On Tuesday, the Colorado Senate voted 21-14 in favor of S.B. 24-022, a bill that allows counties in the state to pass bans on the sales of flavored tobacco products as well as regulate the distribution of tobacco products.

While the bill itself wouldn’t ban the sale of flavored tobacco products, it would open the door to local bans, something that is currently forbidden.

This is the second time in recent years that the Colorado General Assembly has moved towards allowing local control over tobacco regulation. In March 2019, H.B. 1033 was enacted, which allowed for Colorado cities, towns and counties to increase the minimum age to purchase tobacco products to 21 and increase taxes and retailer licenses. Previously, those actions were prevented via a preemption clause.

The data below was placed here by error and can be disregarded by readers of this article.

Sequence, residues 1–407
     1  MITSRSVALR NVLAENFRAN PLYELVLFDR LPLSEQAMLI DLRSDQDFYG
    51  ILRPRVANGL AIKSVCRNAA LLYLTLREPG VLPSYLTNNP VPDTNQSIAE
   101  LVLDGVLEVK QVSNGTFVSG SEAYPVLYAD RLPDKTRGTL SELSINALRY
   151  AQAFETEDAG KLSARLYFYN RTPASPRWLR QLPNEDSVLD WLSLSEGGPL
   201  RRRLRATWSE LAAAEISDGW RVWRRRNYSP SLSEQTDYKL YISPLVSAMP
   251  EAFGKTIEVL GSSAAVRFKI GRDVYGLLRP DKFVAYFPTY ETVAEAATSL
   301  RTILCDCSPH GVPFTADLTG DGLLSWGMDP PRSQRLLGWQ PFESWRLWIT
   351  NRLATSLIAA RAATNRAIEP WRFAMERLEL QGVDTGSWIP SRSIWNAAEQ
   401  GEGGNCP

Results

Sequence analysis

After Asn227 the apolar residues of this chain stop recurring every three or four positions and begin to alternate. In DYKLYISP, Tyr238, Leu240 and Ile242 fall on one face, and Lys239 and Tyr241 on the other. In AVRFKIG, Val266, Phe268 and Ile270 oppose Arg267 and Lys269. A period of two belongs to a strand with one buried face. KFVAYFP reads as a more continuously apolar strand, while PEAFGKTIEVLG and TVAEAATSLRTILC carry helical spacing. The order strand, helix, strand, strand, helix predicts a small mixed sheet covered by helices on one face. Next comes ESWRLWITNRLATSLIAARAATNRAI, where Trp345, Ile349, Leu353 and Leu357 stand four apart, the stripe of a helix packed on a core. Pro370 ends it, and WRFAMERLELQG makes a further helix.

That law was signed by Gov. Jared Polis, who remains governor today. Two years ago, Polis, a Democrat, indicated that he opposed efforts to ban the sale of flavored tobacco products statewide, saying that he instead supported giving local communities the option to enact bans of their own.

S.B. 24-022 now moves on to the House of Representatives.

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Charlie Minato

I am an editor and co-founder of halfwheel.com/Rueda Media, LLC. I previously co-founded and published TheCigarFeed, one of the two predecessors of halfwheel. I have written about the cigar industry for more than a decade, covering everything from product launches to regulation to M&A. In addition, I handle a lot of the behind-the-scenes stuff here at halfwheel. I enjoy playing tennis, watching boxing, falling asleep to the Le Mans 24, wearing sweatshirts year-round and eating gyros. echte liebe.